The Next Best Thing
I want to write about just where this film crossed over into dynamite territory, because it was a solid four-bomber for quite a while, and I don't want anybody to accuse me of not being fair. It was right at the end, as I was praying to Buddha that a film that seemed longer than the Reagan presidency would finally end. Abbie (Madonna) and Robert (Rupert Everett) were finally reconciling after their court battle for custody of their son, Sam (Malcolm Stumpf), and I was just doing everything I could psychically to make director John Schlesinger stop.
When the screen faded to black I could not have been more thrilled -- at least until the credits rolled, when the only thing worse than outtakes happened. That's right, little prose explanations of the characters exploits after the movie ended. I mean, Jesus Christ, why didn't Schlesinger just put a gun in his mouth? If you've ended your movie and have to resort to explaining in text what happened after you ran out of film you need to get a job as a subtitle technician or something. The film has ended, you steaming lump of cat crap.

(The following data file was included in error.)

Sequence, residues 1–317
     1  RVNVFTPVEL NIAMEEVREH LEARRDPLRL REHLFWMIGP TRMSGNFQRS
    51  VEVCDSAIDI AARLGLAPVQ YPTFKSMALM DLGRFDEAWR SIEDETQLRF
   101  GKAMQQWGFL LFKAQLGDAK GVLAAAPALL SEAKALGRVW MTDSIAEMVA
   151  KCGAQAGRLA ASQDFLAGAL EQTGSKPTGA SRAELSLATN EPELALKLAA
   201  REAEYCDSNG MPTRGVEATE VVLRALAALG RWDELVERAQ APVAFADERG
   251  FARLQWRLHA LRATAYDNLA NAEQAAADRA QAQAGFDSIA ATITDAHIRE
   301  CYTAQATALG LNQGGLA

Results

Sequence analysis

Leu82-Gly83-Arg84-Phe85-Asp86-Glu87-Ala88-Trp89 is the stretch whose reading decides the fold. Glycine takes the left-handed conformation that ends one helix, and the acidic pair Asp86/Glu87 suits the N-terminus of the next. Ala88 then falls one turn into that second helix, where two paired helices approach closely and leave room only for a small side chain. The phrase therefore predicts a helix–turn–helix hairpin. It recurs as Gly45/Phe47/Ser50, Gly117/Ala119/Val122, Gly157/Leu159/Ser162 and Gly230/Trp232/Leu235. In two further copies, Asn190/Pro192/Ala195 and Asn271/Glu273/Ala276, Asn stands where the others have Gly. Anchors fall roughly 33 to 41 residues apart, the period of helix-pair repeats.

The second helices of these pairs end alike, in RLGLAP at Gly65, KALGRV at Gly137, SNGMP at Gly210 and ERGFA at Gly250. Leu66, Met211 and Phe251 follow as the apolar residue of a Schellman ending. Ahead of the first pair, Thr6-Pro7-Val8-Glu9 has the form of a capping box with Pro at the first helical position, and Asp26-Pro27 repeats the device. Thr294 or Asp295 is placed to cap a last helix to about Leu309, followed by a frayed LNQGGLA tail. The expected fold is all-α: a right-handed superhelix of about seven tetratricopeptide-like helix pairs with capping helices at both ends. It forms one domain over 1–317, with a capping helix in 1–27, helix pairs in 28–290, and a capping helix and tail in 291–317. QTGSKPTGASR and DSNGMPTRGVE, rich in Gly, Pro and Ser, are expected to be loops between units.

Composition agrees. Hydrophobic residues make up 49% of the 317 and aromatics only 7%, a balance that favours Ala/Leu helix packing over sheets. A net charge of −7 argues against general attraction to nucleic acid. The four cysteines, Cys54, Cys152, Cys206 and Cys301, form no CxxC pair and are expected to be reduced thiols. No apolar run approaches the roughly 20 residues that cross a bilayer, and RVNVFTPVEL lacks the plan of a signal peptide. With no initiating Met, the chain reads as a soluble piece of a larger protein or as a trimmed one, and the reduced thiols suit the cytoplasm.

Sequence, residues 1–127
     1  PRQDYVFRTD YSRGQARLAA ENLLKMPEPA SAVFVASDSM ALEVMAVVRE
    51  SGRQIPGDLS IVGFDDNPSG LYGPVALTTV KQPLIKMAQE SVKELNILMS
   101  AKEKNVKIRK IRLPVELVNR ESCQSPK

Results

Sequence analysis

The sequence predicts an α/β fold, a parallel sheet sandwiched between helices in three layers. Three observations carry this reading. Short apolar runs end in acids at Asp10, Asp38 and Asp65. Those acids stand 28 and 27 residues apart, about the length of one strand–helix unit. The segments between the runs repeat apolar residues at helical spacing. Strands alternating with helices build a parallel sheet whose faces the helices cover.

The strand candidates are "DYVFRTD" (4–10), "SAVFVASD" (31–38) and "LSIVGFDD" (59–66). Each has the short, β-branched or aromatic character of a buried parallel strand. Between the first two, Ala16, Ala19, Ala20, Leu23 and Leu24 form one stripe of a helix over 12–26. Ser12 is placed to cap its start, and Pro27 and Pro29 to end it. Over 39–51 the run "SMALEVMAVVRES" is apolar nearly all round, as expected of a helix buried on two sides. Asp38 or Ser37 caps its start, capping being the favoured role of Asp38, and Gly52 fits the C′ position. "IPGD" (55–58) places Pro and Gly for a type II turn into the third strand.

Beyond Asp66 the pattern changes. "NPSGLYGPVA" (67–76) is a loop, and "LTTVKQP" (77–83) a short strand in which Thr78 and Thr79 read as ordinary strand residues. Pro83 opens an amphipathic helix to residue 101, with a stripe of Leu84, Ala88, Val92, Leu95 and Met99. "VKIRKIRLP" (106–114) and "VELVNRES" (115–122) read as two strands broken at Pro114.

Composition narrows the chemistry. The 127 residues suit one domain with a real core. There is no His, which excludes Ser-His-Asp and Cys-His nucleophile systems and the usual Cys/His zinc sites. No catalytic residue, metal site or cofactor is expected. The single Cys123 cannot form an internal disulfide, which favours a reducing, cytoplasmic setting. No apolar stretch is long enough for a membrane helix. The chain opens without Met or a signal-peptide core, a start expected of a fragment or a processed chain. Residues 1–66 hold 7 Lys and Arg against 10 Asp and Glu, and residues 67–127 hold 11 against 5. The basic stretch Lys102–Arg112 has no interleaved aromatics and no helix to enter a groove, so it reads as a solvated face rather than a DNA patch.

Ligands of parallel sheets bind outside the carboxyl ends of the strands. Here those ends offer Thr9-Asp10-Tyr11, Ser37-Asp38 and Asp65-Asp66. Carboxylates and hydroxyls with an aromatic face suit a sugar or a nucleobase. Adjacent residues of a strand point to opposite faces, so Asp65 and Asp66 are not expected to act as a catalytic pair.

Madonna, whose screen presence would give Ed Wood tics and who has the personality of a plastic cup, gives birth to Rupert Everett's baby. The small complication here is that Everett's character is gay. This film is tedious like a root canal. And isn't gay life fun? One minute you're banging Madonna and the next minute you're having lovely gay conversations with Neil Patrick Harris. Neil Patrick Harris? Holy Jesus, I can barely stomach that Doogie is a serious actor, and I'm supposed to swallow him as a gay man (no pun intended)? Why not just stick a propeller up his ass and have him fly around the neighborhood belting out show tunes?
We're talking about two hours of Madonna enunciating her lines as though she were taking a dialect course -- in English! Is this not her native language? This woman cannot act. This is even more embarrassing because she's playing herself. Abbie is a yoga teacher and a vegetarian and whatever else Madonna is, and if I want to watch Madonna do yoga, I'll rent the workout video. And another thing, while I'm going here, the stupidest thing you could possibly do in a movie starring Madonna is to also have songs by Madonna, because every person in the audience hears the song and realizes they're watching a singer, not an actress. If John Schlesinger would like to call me up and convince me that was intentional, I'll switch the rating back to four bombs.
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